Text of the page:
Dienstag, 21. August 2012

The Squid's Ear (El Infierno Musical by Kurt Gottschalk)

Christof Kurzmann
El Infierno Musical  
(Mikotron Recordings) 

review by Kurt Gottschalk
Christof Kurzmann's interest in song form in recent years has brought him to a number of unexpected places. In the duo Schnee with Burkhard Stangl, he has borrowed from Prince and Neil Diamond and as a part of the group The Magic I.D. has crafted some wonderfully hazy duets with singer / guitarist Margareth Kammerer. Whether new compositions or well-known tunes, Kurzmann and company have presented them in beautifully uncentered ways, as if they were vague memories of songs.
Kurzmann takes a similar approach now in what is a very different project and to great results. El Infierno Musical is a setting of six poems by the Argentian poet Alejandra Pizarnik, who led an accomplished life before willfully ending it at the age 36 in 1972. A Fulbright Scholar and Guggenheim Fellow, Pizarnik lived in Paris (where she worked as an editor for Les Lettres Nouvelles) and left behind eight volumes of poetry (two unpublished during her life).
Pizarnik's words are used here in service of the music, or seem to be at any rate. The phraseeology is so delicate that they tend to sit just behind the music, especially in Kurzmann's plaintive delivery. His scores are played by Ken Vandermdark (reeds), Eva Reiter (viola de gamba, contrabass recorder, dan bao), Clayton Thomas (bass) and Martin Brandlmayr (drums, vibraphone), with Kurzmann supplying saxophone, guitar and electronics. The music varies from seemingly open form improv to quiet, incidental music to easy grooves, with the verses interspersed irregularly, sometimes appearing as if to pull the threads of the music into a piece. If the poetry isn't dominant through all of the record, it seems clear that the moods it imparts are. Pizarnik's hand guides the proceedings even in absentia, to the extent that a fragment of the guitar solo from Janis Joplin's "Summertime" is heard in the distance during her poem "Para Janis Joplin."
It's hard to know how close the texts come to Pizarnik's original words, having been translated by the musicians — an assemblage of Austrians and Americans — themselves. It is of course possible that the translations are quite faithful but even if they aren't it doesn't seem entirely to matter. The album isn't a poetry journal, and ultimately it comes off like a dramatic audio work inspired by the sad beauty of Pizarnik's lines. Near the end, she herself appears, in her native tongue and through the filter of a decades old recording. As she recites her "Ashes II," she sounds somehow comfortable with the goings-on.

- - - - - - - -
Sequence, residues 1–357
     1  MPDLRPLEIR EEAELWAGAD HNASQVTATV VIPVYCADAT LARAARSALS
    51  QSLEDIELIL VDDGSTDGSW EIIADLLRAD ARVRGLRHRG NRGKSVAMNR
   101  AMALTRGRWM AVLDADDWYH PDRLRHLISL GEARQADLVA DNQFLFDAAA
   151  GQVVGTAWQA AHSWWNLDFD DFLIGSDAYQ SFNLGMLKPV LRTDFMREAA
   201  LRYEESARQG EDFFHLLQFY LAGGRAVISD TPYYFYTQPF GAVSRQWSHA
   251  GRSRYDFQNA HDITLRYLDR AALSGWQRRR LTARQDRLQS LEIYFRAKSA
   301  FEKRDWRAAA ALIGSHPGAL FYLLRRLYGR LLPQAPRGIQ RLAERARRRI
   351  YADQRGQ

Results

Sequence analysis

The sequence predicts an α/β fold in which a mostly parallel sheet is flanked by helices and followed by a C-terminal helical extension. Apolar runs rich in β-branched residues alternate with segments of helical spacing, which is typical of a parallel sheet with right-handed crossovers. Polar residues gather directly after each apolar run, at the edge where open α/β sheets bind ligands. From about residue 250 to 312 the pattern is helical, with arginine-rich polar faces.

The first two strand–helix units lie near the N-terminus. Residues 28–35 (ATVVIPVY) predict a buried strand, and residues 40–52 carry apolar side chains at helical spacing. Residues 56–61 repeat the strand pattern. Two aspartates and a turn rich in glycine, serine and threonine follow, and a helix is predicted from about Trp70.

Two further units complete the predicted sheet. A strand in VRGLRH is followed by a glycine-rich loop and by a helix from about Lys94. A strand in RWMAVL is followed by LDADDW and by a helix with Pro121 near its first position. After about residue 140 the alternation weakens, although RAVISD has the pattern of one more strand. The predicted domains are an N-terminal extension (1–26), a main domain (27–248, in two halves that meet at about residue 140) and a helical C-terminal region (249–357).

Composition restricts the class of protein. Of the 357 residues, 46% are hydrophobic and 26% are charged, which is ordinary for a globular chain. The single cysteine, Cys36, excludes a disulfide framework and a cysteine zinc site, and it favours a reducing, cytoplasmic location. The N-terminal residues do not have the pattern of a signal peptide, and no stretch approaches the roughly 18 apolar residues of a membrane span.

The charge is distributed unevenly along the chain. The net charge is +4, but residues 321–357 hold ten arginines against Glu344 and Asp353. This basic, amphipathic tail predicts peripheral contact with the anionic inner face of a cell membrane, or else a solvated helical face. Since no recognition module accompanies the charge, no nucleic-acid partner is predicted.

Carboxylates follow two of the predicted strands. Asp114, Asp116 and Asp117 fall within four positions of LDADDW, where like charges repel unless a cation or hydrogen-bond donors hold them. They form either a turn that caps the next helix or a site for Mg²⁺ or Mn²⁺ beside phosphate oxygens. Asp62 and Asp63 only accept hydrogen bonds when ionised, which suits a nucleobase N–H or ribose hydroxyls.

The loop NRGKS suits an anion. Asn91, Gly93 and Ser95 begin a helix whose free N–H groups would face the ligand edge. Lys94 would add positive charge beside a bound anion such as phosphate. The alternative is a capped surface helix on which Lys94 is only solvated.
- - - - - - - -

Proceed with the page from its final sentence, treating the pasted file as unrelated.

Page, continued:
The Squid's Ear
review by Kurt Gottschalk


Orpheus in the Underworld (El Infierno Musical by Ed Pinsent)


Orpheus in the Underworld

Christof Kurzmann attempts grand things on El Infierno Musical (MIKROTON RECORDINGS CD 20). He composed all the music, plays electronics, saxophone and guitar, and sings all the lyrics where they appear; these words were written by the Argentine poet Alejandra Pizarnik, and translated into English with the help of Cecilia Rojo. The aural experience is rich – an unpredictable melange of jazz, free jazz, improvisation, chamber music, blues, pop music and rock music, sometimes given a vaguely medieval / Renaissance flavour by the viola da gamba playing of Eva Reiter, who also plays the contrabass recorder on a couple of tracks. Plus the whole package is contextualised with images sampled from the “Hell” panel of Bosch’s famous Garden of Earthly Delights triptych.
Many musicians may have commented on, been struck by or even dreamed of making a concept album about this “musical Hell” proposed by Bosch, where sinners are punished in amongst a ghastly cacophony of archaic musical instruments, some of which are changed by the diabolical agency into engines of torture. I should point out that Kurzmann is not explicitly intending to do any of the above either, and only the title of this suite has any consonance with the Bosch painting, of which we see a Photoshopped variant provided by the visual artists Jimmy Draht and Stefan Haupt. The main aim of the work is to pay tribute to the poetess Pizarnik, a collection of whose writings also appeared under the title El Infierno Musical and indeed prompted Kurzmann, who purchased said volume almost by accident from a street seller while drinking coffee in Buenos Aires, to found the quintet of this name in 2008.
Musically this album is strong and convincing, even if not as chaotic as anything with a Bosch cover ought to be, and while the individual players – e.g. saxman Ken Vandermark, drummer Martin Brandlmayr – perform with authority, I sometimes find the package a shade too mannered and contrived for my tastes. Kurzmann is the sort of musical catholic who has no problem in mixing different vernaculars, styles and genres in his musical statements, often doing so in the same breath, if he decides that’s what is called for. The main stumbling block for me is Kuzmann’s rather effete voice, which recites rather than sings the lyrical content, and always sounds breathless or on the verge of tears as he negotiates another corny-sounding flattened fifth. So far this prevents me from reaching the core meaning of the work, which is probably encoded more into the poetry than in the music. Still, one needs to persevere with work of this complexity and depth. Don’t let my meagre prejudices prevent you from hearing this extremely unusual and distinctive piece of work. This arrived 31 January from a label based in Moscow.

The Sound Projector
July 1, 2012